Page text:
Remember that putting your income back into the stock market rather than taking it as cash means you could lose it, or see its value fall.

How to reinvest income

When you put money into an investment fund, you are usually given the option of either selecting ‘accumulation’ units, or ‘income’ units, also sometimes known as distribution units.

Buying accumulation units means any income received, whether this is dividends from shares, coupon interest from bonds, or rental income from property, is buying additional units in the fund . If you choose income units, then any income the fund earns will be paid out to you, usually once or twice a year, although some funds make quarterly or monthly income payments.

If you invest in shares directly, and want your dividends to be reinvested automatically, you can usually sign up to what is known as automatic dividend reinvestment (ADR).

This means that any income you receive is automatically reinvested, rather than you taking the cash and using it to buy additional shares yourself. If you’re unsure where to invest, seek professional financial advice.

Understand the tax position

When a fund or shares are held in a tax-efficient account like an Individual Savings Account (ISA) or Self-Invested Personal Pension (SIPP) there’s no income tax, capital gains tax (CGT) or dividend tax to pay.

When held outside one of these wrappers, your investment is subject to income tax, capital gains tax (CGT) and dividend tax rules.

Even outside of an ISA or SIPP, you can receive up to £2,000 in dividend income in the current 2019/20 tax year, without having to pay any tax on this income.

Dividends above the £2,000 threshold are subject to tax at 7.5% for basic-rate taxpayers, rising to 32.5% and 38.1% respectively for higher-rate and additional-rate taxpayers.

Under personal savings allowance rules, basic rate taxpayers can earn £1,000 in savings income before paying income tax, whilst higher rate taxpayers can earn £500. Additional rate taxpayers don’t get a savings allowance. Savings income includes interest from bank and building society accounts and interest distributions from investment funds such as authorised unit trusts (AUTS) and Open Ended Investment Companies (OEICS). If all your income of this type exceeds the allowance, you will have a tax liability for the excess.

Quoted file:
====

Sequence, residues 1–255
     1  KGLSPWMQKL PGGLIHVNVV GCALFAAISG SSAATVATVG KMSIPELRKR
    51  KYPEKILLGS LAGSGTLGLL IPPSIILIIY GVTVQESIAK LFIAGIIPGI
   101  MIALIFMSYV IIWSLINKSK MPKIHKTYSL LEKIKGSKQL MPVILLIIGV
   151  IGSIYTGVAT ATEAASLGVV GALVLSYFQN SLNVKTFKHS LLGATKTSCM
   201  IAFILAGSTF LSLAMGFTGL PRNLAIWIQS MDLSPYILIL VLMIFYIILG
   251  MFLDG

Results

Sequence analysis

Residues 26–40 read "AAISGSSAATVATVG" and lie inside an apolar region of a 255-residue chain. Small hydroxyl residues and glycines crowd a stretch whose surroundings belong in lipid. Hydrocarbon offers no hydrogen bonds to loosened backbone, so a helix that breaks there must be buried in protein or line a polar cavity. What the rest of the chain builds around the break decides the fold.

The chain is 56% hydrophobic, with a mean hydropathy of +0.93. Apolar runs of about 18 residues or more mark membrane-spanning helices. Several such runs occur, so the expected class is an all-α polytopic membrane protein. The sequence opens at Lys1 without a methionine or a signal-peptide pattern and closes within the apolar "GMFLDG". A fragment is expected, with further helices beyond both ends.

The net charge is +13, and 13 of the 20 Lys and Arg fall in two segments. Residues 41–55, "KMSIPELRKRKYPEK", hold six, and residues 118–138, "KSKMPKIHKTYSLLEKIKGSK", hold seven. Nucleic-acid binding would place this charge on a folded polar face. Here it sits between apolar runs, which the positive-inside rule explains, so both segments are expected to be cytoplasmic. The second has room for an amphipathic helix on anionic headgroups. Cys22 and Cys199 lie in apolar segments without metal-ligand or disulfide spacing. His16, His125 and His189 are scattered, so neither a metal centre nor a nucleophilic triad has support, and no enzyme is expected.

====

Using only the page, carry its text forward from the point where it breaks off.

Investors who receive more than their allowance must declare their income on a tax return form and pay tax on it. The amount you’ll have to pay depends on your tax rate, so if you’re a basic rate taxpayer, you’ll pay tax at 20%, rising to 40% if you’re a higher rate taxpayer and 45% if you’re an additional rate taxpayer.

When you come to sell accumulation units, you’ll pay Capital Gains Tax (CGT) on any increase in value that exceeds your annual CGT annual allowance, which for the 2019-20 tax year is £12,000. CGT will be payable on the value of the accumulation units when they’re sold, minus the original investment and any income you’ve reinvested.

You should therefore keep careful records of all the notional distributions you receive, so that when you sell your holding you can work out the proportion of your sale proceeds that represents a capital gain. Your fund manager should issue you with a tax voucher after the end of the tax year on April 5 giving you details of all rebates, dividends and interest distributions, and any tax deducted at source on this income during the preceding tax year.

Please bear in mind that tax rules might change in future and their effects on you depend on your individual circumstances, which can also change over time.

Remember too that investments can fall as well as rise and you may get back less than you invested. Past performance is not a reliable indicator of future performance.